Album review: Amy Winehouse, ‘Lioness: Hidden Treasures’ (Universal Republic)
Whatever your thoughts on the very public self-destruction of much-hyped Motown girl group/’60s jazz-soul revivalist Amy Winehouse, you’ve got to grant that the inevitable grave-robbing of her every recorded utterance is a tragedy akin to those experienced by Tupac Shakur and Jimi Hendrix, at least if one assumes that the dozen tracks collected on this first of no doubt several posthumous releases constitute the best of what she left behind.
Me, I neverquite bought Winehouse as the modern reincarnation of Etta James or Ronnie Spector; from the towering beehive and gallons of mascara on down, her shtick all was just a bit too obvious, pandering, and soulless. But the best moments of her 2003 debut Frank and 2006 breakthrough Back to Black certainly were better than what her regular producers and co-conspirators Salaam Remi and Mark Ronson compile on Lioness.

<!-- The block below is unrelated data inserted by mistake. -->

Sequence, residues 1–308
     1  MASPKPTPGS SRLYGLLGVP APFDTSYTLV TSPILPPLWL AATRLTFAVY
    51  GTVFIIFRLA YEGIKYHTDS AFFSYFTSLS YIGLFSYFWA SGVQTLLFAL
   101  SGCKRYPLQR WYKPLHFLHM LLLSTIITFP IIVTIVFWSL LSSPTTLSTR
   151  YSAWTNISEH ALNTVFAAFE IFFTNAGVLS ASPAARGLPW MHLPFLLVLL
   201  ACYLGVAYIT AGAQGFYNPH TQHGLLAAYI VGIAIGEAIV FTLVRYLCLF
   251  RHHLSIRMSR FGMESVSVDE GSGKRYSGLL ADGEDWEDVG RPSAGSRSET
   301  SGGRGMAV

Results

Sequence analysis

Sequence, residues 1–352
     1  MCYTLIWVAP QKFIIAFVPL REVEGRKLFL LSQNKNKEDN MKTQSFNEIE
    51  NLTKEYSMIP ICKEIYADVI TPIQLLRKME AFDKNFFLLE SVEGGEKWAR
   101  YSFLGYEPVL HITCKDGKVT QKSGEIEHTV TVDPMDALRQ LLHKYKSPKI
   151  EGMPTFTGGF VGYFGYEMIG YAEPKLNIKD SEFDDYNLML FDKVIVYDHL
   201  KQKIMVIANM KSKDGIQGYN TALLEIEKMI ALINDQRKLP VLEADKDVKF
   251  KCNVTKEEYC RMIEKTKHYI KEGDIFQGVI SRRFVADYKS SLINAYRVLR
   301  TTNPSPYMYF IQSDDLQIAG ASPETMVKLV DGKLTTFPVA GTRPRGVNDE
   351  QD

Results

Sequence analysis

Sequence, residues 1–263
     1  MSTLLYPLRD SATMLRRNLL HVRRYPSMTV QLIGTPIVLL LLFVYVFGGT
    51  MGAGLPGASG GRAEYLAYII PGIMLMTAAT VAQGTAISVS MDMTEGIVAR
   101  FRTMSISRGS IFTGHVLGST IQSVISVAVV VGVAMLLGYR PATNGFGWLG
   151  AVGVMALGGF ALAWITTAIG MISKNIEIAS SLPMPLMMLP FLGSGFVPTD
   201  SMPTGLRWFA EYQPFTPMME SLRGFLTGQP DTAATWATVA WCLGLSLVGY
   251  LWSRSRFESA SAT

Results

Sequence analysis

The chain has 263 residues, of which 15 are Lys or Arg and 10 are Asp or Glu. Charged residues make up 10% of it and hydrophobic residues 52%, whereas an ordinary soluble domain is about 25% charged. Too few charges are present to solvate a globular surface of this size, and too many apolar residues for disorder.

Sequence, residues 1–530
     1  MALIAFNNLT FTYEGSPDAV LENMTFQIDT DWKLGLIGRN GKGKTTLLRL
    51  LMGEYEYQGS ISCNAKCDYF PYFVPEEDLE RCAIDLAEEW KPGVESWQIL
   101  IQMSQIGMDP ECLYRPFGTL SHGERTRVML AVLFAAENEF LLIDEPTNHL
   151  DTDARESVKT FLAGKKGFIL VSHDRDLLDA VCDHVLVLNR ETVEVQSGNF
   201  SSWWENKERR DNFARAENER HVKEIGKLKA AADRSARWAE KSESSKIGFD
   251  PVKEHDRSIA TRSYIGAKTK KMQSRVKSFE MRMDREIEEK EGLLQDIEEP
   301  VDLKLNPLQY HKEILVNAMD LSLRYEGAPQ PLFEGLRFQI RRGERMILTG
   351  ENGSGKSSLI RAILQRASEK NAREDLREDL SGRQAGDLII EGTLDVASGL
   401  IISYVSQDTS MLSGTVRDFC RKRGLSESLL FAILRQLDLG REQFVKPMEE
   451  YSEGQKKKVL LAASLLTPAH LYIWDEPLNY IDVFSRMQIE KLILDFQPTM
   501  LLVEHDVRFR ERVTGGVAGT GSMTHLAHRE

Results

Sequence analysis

The singer stumbles like an extra from The Walking Dead through wooden, uninspired covers such as “The Girl from Ipanema,” “Our Day Will Come,” and an especially clunky “Will You Still Love Me Tomorrow?” undone by a laughably bad arrangement. And even worse are the two reductive originals, one an outtake from the last disc and the other an alternate version of an earlier single, with rapper Nas sounding as lost and clueless on “Like Smoke” as Tony Bennett does on the cover of “Body and Soul.”
With the slight hint of a devilish, postmodern wink and a disdainful sneer standing as the best and most original thing she brought to her recycled sounds, it’s disappointing how safe and reverent Winehouse is with this material. Clearly, she wasn’t all there during these recordings, and now we never will have the chance to learn whether she was capable of more and better or not.
Rating on the four-star scale: 1/2 star.